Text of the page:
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Windsor University Strike: Details

As noted yesterday, the professors at the U. of Windsor have taken to the picked lines, effectively shutting down the university.  The union seems well prepared for this strike.  Professors will be paid a very high strike pay of $530 per week, in exchange for walking the picket line 5 days per week.  This will make surviving a long strike somewhat more manageable for the strikers.

There are some serious issues in dispute, which might also suggest that this strike might last a while.  The university is trying to find ways to pay professors less.  One way it wants to do that is by interesting a new job category called ‘Instructor”, which would be people hired only to teach (not to research), and then pay them less than regular faculty.  York has been using this arrangement for some time.

The other attack on faculty salaries involves attacking the “Windsor Salary Standard” model that has been in place for over 20 years.  Under the model, the university is required to analyze professor salaries at every rank at 15 universities in Ontario.  The average salary for each rank is calculated and then compared to the same rank at Windsor.  If the average salary from the other universities is higher than that at Windsor, then every professor in that rank at Windsor gets a raise equal to the amount of the difference between the average from the other universities and the average for the rank at WIndsor. This has allowed WIndsor faculty to keep up with average rates across the province, and had led to many raises over the years without which WIndsor would have fallen behind.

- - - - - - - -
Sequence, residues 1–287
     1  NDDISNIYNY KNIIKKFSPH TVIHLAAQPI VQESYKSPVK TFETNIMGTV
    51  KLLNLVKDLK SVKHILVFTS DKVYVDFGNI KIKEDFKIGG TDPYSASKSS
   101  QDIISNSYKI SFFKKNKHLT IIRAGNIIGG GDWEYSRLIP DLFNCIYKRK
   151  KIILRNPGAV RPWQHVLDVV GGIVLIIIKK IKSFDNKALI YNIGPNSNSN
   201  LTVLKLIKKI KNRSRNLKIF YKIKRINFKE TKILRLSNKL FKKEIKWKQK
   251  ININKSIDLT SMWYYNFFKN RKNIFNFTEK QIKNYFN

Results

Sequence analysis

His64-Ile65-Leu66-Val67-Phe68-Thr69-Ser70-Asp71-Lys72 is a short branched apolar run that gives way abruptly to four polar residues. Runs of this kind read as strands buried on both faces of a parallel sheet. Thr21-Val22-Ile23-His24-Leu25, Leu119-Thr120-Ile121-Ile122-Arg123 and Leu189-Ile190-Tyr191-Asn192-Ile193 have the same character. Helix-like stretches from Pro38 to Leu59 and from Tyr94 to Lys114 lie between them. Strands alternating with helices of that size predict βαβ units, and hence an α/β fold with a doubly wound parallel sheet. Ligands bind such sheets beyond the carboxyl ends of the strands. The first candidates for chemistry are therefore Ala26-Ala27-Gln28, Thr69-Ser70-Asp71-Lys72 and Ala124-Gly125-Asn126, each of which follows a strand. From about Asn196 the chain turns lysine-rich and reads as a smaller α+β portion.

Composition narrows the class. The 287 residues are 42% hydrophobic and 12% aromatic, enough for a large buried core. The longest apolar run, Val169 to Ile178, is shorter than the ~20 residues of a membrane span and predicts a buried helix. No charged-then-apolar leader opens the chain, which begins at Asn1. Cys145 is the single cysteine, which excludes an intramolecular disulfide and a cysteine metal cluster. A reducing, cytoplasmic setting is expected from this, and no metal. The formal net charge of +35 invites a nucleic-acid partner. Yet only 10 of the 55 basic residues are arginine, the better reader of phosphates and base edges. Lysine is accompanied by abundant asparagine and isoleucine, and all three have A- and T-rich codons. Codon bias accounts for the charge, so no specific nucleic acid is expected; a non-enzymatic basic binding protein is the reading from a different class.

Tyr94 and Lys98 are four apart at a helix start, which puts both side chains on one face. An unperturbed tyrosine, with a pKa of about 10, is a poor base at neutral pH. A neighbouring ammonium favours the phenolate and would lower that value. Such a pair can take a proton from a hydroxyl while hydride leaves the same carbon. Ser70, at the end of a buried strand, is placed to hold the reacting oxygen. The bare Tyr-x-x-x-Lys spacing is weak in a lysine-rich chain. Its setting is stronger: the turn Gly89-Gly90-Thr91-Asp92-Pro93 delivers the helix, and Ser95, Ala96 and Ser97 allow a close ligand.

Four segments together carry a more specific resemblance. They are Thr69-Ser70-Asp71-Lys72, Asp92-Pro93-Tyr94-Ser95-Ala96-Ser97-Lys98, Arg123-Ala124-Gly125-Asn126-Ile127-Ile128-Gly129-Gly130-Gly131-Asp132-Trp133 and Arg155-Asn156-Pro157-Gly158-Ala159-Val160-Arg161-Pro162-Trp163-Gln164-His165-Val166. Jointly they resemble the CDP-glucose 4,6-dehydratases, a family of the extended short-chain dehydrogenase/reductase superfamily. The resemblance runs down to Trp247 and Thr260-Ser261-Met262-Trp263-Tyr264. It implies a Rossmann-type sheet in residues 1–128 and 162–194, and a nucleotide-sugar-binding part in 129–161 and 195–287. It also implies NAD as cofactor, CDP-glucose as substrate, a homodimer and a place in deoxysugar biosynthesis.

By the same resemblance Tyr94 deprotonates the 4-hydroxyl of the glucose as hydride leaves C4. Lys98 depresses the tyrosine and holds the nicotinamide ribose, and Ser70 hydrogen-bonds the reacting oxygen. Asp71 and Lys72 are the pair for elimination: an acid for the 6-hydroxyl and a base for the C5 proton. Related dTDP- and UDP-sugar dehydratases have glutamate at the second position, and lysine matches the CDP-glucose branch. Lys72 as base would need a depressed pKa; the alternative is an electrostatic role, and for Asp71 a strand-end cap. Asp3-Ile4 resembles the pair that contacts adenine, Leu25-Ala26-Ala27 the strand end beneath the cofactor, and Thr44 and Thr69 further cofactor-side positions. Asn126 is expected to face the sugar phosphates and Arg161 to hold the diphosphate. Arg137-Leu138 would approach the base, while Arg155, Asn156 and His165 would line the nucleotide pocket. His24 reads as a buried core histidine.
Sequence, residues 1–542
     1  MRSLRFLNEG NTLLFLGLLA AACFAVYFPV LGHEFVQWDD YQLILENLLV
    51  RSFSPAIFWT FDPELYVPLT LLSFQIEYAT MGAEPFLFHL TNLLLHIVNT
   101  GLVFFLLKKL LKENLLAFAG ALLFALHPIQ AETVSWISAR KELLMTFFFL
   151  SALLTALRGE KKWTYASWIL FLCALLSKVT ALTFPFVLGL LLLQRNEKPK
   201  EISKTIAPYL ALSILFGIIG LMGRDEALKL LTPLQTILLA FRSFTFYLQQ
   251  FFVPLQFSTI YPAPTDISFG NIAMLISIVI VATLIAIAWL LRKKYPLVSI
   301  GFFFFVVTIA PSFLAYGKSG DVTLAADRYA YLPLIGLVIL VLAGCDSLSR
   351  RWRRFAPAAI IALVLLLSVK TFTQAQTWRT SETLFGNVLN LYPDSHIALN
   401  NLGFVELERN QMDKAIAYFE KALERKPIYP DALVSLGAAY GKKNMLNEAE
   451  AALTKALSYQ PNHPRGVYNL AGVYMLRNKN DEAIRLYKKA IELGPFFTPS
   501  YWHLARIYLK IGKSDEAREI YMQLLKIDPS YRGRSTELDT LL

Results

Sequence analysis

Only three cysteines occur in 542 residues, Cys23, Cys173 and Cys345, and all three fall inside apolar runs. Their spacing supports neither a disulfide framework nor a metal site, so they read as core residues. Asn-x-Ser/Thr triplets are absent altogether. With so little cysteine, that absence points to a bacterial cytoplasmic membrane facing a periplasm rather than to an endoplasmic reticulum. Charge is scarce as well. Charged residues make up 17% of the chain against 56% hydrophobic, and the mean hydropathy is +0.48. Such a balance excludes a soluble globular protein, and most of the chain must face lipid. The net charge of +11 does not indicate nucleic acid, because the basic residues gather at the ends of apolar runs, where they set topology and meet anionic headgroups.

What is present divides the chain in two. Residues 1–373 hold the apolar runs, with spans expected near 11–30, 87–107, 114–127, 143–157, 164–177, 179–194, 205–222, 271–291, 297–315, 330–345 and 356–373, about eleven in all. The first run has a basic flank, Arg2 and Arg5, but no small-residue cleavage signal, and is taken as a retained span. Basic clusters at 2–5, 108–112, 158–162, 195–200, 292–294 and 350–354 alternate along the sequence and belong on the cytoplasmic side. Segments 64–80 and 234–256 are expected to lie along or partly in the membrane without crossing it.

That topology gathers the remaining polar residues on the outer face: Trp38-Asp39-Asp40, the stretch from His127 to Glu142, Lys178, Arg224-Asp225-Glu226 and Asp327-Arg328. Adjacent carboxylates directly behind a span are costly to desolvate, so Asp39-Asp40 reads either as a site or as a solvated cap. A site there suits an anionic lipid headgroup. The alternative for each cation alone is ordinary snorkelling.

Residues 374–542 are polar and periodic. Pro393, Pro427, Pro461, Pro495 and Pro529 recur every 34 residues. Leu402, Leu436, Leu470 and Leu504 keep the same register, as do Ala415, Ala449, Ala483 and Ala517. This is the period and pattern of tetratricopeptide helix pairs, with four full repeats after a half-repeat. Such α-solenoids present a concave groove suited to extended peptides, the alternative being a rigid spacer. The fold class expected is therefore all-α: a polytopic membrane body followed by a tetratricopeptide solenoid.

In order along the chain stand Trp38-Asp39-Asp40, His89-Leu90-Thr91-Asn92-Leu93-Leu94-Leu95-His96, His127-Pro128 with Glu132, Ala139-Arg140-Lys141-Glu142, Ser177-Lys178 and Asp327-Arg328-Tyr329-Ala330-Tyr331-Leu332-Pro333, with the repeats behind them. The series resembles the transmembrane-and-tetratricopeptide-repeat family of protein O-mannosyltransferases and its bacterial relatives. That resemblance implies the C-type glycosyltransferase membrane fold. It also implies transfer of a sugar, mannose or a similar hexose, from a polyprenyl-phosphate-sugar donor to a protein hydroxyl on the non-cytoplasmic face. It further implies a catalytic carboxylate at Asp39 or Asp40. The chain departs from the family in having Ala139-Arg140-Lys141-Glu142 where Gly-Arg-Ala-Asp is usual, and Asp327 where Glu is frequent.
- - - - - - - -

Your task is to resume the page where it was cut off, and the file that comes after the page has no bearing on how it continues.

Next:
The University wants undercut this process by (1) including more than 15 other institutions, including many newer ‘universities’ and ‘college universities’ where professor salaries are lower, and (2) by changing the process so that only professors at WIndsor receiving lower than the average salary of the other institutions get a raise.

Obviously, the professors are not happy with these proposals as it will almost certainly lead to lower salaries down the road.  The university is also taking a risk by this sort of approach.  Insofar as Windsor begins to fall behind other universities in Canada (and abroad), it will have a difficult time retaining top academic talent.  I suspect this Salary Standard has reduced the incentive for some top profs to jump ship and, for example, move larger universities and bigger, more happening cities (no offense, Windsor residents, but Windsor is not exactly booming these days).  If wages begin to drop at Windsor, expect a slow (or fast) exodus of top talent to U of T, McGill, or dare I say, York….


One Response to Windsor University Strike: Details

  1. Windsor alumnae Reply

    September 29, 2008 at 10:30 am

    I am a Windsor alumnae, something that I try and not tell too many people. Lets be honest: any professorial talent at Windsor does not last there long. The university campus looks like an abandoned auto plant. The faculty are shopworn. The fact that they are striking tells you all you need to know about their mentality. The university administration should not give in to these bunch of pampered, overindulged and underworked profs.

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